The vRealize Operations Management Pack for vRealize Orchestrator provides the ability to execute vRO workflows as part of the alerting and remediation process in vROps.
The vRO workflows can be executed manually or automatically.
With this solution it is easy to implement sophisticated self-healing workflows for your vROps managed environment.
In this blog post I will show you step by step how to get from a use case to auto-remediation with vRealize Operations and vRealize Orchestrator Management Pack.
To start with your own self-healing capabilities, you will need:
- vRealize Orchestrator instance. You can use a stand alone vRealize Orchestrator or the vRO instance deployed as part of the vRealize Automation deployment. For this post I am using the vRA internal vRO 8.1.
- vRealize Operations, for this post I am using vROps 8.1.1
- vRealize Operations Management Pack for vRealize Orchestrator installed and configured. I am using the latest version 3.1.1 which can be downloaded from the VMware Solution Exchange for free:
In this post I am not describing the actual installation and initial configuration of the MP. The process is straight forward and described in the official documentation:
The story begins with a use case. Since I am focusing on the actual generic procedure my use case is very simple and there are for sure already other ways to remediate the issue.
My use case is:
“If a VM (the OS) crashes I will reset that VM in vCenter”
As “seems to be crashed” or the exact description how to determine if a VM really crashed is not object of this post. We assume we have appropriate symptom and alert definitions in place.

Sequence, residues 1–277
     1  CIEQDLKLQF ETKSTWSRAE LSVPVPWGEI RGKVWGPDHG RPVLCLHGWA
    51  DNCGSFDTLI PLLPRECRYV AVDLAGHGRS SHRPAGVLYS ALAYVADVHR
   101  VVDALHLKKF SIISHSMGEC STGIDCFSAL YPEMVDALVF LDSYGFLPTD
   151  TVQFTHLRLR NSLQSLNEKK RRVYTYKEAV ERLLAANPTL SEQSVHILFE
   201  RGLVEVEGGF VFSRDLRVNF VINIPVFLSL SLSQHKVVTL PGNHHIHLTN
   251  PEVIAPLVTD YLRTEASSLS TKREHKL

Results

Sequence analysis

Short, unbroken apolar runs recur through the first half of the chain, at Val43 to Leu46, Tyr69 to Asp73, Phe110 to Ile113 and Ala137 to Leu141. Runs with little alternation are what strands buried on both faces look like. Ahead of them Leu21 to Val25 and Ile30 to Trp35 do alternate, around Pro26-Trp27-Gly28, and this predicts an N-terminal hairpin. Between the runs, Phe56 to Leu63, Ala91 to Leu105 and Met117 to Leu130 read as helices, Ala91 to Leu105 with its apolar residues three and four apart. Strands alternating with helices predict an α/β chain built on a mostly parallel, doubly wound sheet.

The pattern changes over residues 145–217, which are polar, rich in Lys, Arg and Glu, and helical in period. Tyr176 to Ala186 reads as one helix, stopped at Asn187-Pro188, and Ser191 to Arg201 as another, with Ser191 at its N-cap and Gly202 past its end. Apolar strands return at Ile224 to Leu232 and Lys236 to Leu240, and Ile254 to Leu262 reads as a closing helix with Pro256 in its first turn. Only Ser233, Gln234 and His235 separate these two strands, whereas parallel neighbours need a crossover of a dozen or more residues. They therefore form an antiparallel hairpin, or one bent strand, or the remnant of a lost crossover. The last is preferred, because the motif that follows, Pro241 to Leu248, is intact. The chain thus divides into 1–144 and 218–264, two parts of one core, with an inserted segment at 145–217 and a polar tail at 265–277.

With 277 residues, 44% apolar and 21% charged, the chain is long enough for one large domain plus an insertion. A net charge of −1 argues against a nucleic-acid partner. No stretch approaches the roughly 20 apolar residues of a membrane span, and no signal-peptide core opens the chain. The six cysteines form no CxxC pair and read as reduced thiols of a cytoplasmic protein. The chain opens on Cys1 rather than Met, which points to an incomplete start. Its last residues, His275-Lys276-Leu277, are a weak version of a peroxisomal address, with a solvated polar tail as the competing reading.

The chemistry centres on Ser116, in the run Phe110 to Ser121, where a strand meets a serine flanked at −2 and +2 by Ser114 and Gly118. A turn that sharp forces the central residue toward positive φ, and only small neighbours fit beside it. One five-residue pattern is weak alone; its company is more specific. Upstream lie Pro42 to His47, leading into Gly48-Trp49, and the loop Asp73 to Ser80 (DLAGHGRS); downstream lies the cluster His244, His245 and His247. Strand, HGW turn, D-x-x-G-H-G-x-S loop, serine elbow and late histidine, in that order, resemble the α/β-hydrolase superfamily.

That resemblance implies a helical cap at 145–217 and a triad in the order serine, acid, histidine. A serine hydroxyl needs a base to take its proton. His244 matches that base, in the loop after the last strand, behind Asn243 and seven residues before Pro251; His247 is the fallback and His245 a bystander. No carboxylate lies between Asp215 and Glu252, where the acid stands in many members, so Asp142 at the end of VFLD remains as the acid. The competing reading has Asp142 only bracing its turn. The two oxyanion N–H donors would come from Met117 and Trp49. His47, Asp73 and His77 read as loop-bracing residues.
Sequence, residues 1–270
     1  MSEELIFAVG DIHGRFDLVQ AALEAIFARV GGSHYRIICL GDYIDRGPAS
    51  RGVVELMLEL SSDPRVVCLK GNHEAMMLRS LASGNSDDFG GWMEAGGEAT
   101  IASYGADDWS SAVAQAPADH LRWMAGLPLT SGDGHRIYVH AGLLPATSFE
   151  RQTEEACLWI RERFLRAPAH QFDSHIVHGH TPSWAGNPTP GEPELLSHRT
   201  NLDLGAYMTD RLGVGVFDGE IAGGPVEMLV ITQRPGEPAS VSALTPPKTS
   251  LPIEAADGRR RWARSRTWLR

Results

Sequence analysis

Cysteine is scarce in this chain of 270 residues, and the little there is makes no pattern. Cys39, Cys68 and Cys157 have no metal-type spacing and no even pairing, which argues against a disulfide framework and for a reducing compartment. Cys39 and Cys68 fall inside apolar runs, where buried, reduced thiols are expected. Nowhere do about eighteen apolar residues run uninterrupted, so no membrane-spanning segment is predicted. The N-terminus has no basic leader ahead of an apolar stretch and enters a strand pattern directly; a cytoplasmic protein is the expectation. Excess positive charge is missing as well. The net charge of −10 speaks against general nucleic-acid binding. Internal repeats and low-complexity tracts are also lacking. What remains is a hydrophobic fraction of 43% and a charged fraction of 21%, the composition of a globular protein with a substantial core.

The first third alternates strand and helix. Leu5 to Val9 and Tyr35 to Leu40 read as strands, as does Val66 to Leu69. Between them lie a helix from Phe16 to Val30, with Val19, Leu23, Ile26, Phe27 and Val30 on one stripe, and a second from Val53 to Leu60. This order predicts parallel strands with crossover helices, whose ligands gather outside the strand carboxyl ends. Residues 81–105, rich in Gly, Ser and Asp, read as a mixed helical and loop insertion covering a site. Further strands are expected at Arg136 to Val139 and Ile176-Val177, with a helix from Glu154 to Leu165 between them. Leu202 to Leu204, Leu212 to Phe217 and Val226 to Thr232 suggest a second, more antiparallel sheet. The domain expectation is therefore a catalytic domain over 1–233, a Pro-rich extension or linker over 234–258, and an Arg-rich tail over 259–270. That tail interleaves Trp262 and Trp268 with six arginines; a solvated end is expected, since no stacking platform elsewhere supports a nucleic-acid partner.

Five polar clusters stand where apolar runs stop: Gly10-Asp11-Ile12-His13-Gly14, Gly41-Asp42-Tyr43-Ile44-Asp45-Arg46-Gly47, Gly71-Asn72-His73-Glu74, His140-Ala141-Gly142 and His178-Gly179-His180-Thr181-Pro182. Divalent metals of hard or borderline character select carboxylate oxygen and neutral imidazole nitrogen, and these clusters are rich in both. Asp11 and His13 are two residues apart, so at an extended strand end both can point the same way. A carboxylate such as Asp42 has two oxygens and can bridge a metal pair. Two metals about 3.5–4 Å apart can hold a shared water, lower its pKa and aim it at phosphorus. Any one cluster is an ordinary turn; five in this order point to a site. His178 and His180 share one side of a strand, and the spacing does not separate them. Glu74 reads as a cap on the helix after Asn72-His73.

The procedure from use case to auto-remediation is always the same:
- Create a vRO workflow for your use case
- Create or modify a vRO package
- Discover or re-discover vRO package and included workflows in vROps
- Optional – Configure workflow in vROps – in our case it is mandatory
- Create or edit vROps recommendation
- Add vROps recommendation to an alert definition
- Optional – Manual remediation
- Optional – Enable automatic remediation
I am not going to describe the content of the workflow itself or how to code in vRO in this post.
The focus is how to integrate any given workflow in vROps and let it execute manually and automatically as part of the alert remediation.
For our use case the vRO workflow needs at least one input parameter to pass the vCenter VM object reference from vROps to vRO. In the following picture you see a second input string parameter,
vrops_alert_id. If this parameter is available, vROps will pass the internal alert ID to vRO. This ID can be used for callbacks to retrieve more information from vROps.
In this case the inputs are:
VC:<Datatype>to be populated with the object which triggered the alert
String– to be populated with the actual vROps alert ID for further callbacks
Create or Modify vRO Package
Workflows you would like to use in vROps need to be added to a new or existing vRO package. Keep in mind that all workflows in the package which we will import in the next step will be visible in vROps.
I tend to create a distinct package only for workflows I need in vROps.
In the next picture you see my package with its content.
Since we are not using the package to export the workflows and import it in another vRO instance, you do not have to include the dependencies, like actions used in the workflow.
Discover or Re-discover vRO Package in vROps
To make vROps aware of the available workflows we need to discover the package we created or modified in the previous step.
The procedure in vROps is simple. “Environment” –> “VMware vRealize Orchestrator” –> “vRO Workflows” is the path you need to follow as shown in the following picture.